Signs, Signs, Everywhere Signs: A Big Idea for Informing Prospective Homebuyers
We know that
vested rights means that the future of fracking in Denton is likely to include
drilling close to homes – despite our best efforts to prevent this situation.
The best that we may be able to accomplish now is to make sure that people are
fully informed about the presence of nearby gas wells when they buy a home (and
perhaps even when they rent an apartment). How do we ensure people really are
giving their informed consent to live close to gas wells?
On this question,
I recently received an e-mail with what I think is a brilliant idea. The source
of this idea said it may be best if he/she remains anonymous. So what follows
is a lightly edited version of the e-mail she/he sent me. I would very much
like to hear opinions about this. And I would also hope that City Council will
consider this idea.
There is, of course, no way realistically for the City to police
notifications for homebuyers. So, regardless of any terms of such an agreement,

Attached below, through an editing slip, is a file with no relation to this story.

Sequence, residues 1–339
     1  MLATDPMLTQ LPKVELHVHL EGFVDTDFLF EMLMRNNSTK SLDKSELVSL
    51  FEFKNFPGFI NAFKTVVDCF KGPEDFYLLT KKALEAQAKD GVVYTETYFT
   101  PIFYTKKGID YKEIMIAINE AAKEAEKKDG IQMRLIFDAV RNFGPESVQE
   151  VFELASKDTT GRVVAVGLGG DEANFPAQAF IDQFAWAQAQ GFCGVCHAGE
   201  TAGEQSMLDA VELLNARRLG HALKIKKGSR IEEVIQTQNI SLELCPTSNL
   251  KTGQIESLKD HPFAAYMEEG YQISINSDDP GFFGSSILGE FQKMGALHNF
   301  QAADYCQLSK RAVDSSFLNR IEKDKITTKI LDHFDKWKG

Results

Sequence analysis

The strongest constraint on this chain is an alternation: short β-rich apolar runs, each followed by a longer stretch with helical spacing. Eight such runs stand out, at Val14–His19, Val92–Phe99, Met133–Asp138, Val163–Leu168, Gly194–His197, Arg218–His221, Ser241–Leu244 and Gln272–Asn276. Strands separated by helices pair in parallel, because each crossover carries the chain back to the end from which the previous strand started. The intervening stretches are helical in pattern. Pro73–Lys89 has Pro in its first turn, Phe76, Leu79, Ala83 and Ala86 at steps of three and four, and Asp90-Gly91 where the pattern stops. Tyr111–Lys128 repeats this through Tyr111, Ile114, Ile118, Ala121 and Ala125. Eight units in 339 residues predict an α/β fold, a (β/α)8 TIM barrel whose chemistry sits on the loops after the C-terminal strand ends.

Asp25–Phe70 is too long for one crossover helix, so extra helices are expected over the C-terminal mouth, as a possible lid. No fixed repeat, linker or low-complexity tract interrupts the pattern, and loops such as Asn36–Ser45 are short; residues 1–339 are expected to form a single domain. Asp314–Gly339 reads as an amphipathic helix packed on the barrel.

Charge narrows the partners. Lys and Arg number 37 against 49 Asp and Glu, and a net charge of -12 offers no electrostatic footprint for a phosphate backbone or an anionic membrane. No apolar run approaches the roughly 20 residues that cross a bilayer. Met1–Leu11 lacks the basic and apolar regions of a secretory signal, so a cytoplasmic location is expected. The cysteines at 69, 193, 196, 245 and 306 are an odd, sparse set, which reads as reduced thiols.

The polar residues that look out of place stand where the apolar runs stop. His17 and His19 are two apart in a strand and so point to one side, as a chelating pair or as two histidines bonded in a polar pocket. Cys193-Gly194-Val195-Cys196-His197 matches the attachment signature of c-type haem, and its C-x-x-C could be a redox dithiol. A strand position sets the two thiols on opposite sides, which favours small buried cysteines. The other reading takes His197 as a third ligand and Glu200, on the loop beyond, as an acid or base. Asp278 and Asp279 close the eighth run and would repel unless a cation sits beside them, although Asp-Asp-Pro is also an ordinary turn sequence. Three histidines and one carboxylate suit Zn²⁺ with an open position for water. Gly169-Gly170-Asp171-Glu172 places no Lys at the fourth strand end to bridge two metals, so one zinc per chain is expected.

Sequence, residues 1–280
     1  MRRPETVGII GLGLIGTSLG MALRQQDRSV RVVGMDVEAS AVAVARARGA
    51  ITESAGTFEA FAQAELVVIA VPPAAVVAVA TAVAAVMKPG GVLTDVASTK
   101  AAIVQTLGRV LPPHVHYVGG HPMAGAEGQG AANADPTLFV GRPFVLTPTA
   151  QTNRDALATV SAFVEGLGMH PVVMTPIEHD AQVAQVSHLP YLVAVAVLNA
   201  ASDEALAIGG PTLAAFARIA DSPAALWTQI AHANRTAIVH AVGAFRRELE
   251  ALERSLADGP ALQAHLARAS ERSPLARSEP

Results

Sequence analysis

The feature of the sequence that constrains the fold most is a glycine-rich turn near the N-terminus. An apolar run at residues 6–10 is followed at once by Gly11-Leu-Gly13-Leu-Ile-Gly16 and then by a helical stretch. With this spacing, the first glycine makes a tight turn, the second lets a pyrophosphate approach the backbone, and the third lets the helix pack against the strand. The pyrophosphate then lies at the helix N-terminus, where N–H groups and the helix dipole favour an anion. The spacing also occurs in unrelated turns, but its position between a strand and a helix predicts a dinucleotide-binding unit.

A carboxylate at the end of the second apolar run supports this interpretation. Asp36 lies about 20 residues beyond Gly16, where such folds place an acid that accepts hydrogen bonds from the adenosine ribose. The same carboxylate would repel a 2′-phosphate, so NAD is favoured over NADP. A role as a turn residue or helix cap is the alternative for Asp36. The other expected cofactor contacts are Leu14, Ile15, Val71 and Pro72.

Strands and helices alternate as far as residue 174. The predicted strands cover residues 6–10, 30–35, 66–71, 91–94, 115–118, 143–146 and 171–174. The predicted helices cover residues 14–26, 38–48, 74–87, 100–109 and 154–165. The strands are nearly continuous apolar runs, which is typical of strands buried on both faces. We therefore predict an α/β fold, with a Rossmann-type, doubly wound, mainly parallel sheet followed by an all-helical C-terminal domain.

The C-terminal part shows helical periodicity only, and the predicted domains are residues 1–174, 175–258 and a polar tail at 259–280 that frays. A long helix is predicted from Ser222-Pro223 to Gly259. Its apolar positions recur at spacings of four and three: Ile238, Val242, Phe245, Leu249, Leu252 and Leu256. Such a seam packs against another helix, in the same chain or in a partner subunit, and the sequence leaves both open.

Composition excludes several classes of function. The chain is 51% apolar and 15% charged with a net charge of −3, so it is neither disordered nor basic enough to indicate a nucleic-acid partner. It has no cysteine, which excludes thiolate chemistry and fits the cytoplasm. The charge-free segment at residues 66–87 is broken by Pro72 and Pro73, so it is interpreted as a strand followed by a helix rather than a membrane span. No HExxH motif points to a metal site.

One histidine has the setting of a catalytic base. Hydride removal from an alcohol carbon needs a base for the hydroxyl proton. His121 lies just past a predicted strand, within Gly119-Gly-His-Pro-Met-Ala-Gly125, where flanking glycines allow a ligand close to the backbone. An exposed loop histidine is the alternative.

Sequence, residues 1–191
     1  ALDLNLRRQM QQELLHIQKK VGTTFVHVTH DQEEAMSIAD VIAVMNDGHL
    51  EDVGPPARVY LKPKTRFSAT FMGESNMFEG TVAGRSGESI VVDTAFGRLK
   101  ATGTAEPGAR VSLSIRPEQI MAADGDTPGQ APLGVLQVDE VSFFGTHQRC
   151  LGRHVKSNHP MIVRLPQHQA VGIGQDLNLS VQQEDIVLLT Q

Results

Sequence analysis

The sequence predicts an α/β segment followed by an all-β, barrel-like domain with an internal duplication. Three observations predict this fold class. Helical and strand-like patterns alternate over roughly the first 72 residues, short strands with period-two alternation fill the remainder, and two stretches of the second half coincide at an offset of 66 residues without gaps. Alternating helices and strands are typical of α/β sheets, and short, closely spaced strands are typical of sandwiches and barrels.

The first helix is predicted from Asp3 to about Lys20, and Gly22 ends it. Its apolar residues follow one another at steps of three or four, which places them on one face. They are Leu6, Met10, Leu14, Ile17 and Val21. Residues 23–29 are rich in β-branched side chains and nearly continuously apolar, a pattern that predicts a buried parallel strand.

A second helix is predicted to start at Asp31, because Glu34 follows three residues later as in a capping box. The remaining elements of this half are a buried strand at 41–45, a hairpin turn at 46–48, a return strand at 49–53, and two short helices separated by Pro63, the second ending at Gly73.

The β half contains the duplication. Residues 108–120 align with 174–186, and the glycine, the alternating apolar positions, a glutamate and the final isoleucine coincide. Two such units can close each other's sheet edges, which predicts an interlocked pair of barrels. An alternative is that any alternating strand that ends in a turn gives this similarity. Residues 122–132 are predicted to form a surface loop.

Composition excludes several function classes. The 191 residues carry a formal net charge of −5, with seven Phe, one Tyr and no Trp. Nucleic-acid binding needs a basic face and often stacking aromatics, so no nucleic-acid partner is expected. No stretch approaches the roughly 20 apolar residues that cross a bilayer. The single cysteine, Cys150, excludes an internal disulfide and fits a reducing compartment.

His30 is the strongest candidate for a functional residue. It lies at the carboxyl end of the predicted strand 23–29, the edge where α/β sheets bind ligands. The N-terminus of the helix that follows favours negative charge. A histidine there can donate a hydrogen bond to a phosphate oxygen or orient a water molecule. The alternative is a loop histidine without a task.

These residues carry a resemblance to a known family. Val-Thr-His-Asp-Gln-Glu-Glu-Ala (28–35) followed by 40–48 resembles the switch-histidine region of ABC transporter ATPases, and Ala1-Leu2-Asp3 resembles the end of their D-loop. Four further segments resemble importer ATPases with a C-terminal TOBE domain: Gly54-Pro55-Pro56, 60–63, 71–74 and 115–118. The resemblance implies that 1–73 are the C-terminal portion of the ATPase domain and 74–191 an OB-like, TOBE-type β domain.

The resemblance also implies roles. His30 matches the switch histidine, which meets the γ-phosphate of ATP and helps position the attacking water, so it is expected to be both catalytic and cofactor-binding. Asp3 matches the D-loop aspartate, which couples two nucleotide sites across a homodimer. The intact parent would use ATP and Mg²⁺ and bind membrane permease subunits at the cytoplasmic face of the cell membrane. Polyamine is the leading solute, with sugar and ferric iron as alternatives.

it’s highly unlikely that each and every prospective buyer - both initial and
subsequent buyers - will be properly informed.
However, there may be one way to ensure that any prospective buyer who visits
the site prior to purchase is properly advised: Simply revise the gas well
and/or sign ordinance to require that a large sign, minimum x by x with letters
x feet high, which so states information about gas well proximity be placed at
each entrance to any new development with a gas well onsite or within X feet.
The signs will have to be clearly visible - not behind a bush, shrub, tree, or
fence - and will have to be maintained in good repair by the developer and,
later, the HOA. It will have to be erected prior to any disturbance of ground
for construction and will have to remain fully visible at all times through the
life of the development. The long-term requirement is necessary, because one
never knows when a well will be re-drilled or converted from a vertical to a
well with lateral lines or what kinds of redriling future technology will make
Required signage will be a low-cost item for the developer (and later HOA),
will inform all viewers equally, will be easy for the City to police, will not
tread on any mineral rights holders, and will likely not be fodder for court
Of course, the signs may render some land effectively undevelop-able, at least
for residential...but that's the trade-off: short-term revenues from gas wells
or long-term revenues from (quality?) development.